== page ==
Book Review: An American Marriage

I have been eyeing up and anticipating reading this book for what seems like years; everyone from Oprah to Reese Witherspoon has been touting it as a triumph, so when I got my hands on it, I couldn’t wait to begin. I’ll admit that I originally picked the book up last year and began reading it, but I wasn’t in the right headspace to really bite into it, so I put it down and only picked it back up in April 2019 and then I finished it in about 3 weeks!


The book begins as Roy and Celestial are making their way to Roy’s parent’s home in Eloise for a visit; they decide to spend the night at a hotel instead of his parent’s home, which is a decision they both will regret. As later that night, a woman Roy spoke to by the ice machine is raped in her hotel room and blames Roy as the perpetrator, this sets in motion a series of events. Roy is jailed for a crime he never committed just as Celestial’s career as a bespoke doll maker is taking off. Their marriage in its infancy, they are caught in a tug of war of emotions and choices, particularly after Roy is surprisingly released after serving 5 years only to come home to find out Celestial has moved on with one of his close friends, Andre.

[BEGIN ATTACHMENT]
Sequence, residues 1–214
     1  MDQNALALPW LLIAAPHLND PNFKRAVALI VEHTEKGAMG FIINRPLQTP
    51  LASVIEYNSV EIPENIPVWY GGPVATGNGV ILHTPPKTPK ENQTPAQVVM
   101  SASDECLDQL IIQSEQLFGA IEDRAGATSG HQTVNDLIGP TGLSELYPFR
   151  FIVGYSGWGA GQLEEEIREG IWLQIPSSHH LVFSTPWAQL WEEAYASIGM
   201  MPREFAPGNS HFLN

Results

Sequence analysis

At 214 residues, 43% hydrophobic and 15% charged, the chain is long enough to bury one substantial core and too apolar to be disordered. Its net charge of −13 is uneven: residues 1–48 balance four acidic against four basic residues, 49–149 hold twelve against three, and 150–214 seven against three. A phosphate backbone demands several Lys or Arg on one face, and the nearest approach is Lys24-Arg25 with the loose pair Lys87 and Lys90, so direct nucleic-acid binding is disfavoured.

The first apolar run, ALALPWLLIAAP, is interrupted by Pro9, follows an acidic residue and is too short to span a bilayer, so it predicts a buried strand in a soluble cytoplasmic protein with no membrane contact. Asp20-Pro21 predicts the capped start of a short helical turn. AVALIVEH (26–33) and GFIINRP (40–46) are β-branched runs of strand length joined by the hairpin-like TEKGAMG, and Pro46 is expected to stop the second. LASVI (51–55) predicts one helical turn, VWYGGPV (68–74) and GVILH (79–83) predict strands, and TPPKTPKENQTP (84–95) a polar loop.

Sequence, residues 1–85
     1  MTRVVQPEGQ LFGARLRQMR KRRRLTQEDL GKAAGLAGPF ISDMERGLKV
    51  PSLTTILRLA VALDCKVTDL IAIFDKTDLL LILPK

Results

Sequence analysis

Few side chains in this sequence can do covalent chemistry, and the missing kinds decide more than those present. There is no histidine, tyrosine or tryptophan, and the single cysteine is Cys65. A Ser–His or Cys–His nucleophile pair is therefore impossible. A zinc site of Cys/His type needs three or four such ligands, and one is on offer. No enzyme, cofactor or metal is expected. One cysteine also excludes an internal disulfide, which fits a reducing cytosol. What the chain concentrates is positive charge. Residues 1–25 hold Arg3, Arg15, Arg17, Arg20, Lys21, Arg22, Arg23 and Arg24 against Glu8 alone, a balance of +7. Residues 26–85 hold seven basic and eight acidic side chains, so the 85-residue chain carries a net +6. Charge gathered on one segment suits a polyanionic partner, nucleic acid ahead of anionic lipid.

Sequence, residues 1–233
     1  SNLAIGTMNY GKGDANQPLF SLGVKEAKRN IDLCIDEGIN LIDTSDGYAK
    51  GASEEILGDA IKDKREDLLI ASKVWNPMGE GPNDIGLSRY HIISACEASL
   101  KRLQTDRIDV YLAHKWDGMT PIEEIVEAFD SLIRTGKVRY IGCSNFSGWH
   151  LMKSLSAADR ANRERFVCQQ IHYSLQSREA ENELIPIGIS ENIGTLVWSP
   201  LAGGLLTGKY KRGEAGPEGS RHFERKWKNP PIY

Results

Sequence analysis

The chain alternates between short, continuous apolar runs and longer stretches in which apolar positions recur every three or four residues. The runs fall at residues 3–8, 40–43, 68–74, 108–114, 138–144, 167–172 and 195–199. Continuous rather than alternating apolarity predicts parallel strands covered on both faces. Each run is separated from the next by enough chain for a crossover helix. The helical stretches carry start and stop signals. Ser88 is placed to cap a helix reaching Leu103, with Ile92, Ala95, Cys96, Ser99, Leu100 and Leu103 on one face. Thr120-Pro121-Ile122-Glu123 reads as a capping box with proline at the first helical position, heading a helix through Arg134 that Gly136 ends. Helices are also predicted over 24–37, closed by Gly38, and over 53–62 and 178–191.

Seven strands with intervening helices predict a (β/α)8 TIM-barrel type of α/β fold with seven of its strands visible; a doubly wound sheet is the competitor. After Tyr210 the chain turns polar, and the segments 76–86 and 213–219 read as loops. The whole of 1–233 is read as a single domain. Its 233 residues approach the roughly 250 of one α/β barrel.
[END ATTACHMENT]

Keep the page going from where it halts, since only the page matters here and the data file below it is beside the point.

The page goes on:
Break it Down:

I’ll lay my cards on the table, I love Roy’s character; loved the way Tayari weaved him as ambitious, driven but all encompassing in his love for Celestial, so deeply I felt it and connected to it. I love how the book is based in modern America, but yet it almost had a “throwback” feel to it, like it could have been set in 1965, simply because of how they “sounded”, but also how Roy explained race and racism, it was done with such swag I loved it. His dialogue was like poetry, but he had standards and ambition, though does end up in jail and it is the pivotal moment for him and Celestial in their relationship, the details of his jail time is missing and almost allows Roy to remain human and maintain his dignity and he doesn’t get written like a stereotype. To me, if anything it adds an element of dimension to him, gives him perspective and lights a fire in him.